(c) that the Government of Myanmar should hence forth not receive any invitation to attend meetings, symposia and seminars organized by the ILO, except such meetings that have the sole purpose of securing immediate and full compliance with the said recommendations, until such time as it has implemented the recommendations of the Commission of Inquiry.
THE INTERNATIONAL OLYMPIC COMMITTEE
The Hon. Vicki Bourne
Senator for New South Wales
Parliament of Australia, The Senate
Commonwealth Parliament Offices
70 Philip Street
sent by fax to +61-2-9247-9681
Lausanne, 6 July 2000
Ref. nr 10921/2000/hmy
Thank you for your letter dated 29 June 2000, to which I reply as follows:
In accordance with the Olympic Charter, it is the IOC's policy to recognize all National Olympic Committees from independent States recognized by the international community. It is expected that all National Olympic Committees be represented at the Olympic Games.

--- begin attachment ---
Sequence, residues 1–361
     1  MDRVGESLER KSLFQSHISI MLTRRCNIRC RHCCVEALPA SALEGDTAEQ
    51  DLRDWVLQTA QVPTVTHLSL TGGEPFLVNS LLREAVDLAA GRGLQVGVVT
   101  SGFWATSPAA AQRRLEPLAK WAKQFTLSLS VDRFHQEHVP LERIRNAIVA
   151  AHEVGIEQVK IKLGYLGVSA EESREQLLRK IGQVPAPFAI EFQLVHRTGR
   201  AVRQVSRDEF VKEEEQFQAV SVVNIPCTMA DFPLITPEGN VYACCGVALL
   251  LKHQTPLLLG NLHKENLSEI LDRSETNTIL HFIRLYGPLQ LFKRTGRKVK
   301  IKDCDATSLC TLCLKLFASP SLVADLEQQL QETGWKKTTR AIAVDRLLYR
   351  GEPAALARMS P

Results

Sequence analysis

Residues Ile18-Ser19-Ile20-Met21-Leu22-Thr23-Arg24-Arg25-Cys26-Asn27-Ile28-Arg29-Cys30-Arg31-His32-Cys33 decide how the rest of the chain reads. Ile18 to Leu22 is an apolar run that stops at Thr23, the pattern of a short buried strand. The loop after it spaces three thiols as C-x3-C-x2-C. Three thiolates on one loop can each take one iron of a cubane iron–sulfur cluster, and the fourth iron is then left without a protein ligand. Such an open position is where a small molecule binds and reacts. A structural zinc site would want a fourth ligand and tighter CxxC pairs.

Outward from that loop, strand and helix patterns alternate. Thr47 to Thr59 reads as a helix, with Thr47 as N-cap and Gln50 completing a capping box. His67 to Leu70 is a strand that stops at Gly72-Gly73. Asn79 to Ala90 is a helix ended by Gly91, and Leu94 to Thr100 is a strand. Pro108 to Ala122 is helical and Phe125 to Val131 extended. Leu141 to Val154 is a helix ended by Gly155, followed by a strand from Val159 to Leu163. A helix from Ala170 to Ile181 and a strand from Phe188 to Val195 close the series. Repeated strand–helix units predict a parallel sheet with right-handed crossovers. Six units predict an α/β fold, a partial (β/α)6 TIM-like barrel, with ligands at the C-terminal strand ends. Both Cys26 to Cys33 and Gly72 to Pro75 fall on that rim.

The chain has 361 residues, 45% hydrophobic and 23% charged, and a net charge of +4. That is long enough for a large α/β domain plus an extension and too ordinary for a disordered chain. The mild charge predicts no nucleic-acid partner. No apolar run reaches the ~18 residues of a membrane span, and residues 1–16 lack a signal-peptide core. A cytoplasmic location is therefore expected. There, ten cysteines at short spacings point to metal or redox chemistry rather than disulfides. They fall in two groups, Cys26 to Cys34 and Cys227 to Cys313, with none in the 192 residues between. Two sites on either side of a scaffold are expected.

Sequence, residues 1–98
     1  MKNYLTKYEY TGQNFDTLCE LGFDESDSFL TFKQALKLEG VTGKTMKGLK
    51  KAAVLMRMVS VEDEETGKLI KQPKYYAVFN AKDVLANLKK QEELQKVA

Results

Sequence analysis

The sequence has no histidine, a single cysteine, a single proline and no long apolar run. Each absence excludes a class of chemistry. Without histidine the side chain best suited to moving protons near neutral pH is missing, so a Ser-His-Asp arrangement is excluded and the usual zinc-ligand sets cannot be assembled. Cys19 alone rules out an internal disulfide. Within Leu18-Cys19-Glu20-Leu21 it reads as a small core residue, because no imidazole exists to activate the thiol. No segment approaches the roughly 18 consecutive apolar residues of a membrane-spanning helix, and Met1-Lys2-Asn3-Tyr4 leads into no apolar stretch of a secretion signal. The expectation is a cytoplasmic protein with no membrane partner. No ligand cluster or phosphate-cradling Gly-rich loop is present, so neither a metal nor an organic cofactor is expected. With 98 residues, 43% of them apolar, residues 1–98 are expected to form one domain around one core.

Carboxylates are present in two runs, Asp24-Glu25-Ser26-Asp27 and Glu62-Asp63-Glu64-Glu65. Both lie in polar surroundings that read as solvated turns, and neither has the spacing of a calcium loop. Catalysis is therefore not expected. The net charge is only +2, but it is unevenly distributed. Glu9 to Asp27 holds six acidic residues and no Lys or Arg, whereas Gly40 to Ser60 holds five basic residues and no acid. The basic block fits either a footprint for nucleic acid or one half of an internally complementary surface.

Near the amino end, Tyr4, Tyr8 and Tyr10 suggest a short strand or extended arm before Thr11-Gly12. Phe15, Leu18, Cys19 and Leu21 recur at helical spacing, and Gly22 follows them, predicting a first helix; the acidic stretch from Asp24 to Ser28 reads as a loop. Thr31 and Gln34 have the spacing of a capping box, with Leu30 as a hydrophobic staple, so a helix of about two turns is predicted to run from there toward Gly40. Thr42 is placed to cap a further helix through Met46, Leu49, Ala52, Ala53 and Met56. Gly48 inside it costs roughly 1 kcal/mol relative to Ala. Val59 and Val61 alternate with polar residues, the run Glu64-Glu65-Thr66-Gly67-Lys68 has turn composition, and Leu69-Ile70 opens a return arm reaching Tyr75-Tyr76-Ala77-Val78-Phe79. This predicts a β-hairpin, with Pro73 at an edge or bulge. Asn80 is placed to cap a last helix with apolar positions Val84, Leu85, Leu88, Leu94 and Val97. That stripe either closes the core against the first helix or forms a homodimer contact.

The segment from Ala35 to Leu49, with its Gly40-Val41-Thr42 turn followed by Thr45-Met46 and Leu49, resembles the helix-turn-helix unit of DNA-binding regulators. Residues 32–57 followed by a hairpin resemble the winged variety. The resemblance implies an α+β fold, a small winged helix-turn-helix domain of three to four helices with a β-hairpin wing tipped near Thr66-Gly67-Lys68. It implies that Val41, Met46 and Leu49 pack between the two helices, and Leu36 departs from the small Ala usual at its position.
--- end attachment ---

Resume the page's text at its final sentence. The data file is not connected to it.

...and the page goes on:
In the case to which you are referring, the country expressly recognized by the international community, in particular by the United Nations, is Myanmar. The IOC has recognized the Myanmar Olympic Committee.
It is not up to the International Olympic Committee to envisage political sanctions against any country. If the international community, in particular the United Nations, were to decide such sanctions towards a given country, the IOC might reconsider its position towards the National Olympic Committee of that country, whilst keeping in mind that one of the IOC's main tasks is to defend and protect the interests of the athletes who are unfortunately too often the first victims of political sanctions.
Sd. Juan Antonio Samaranch.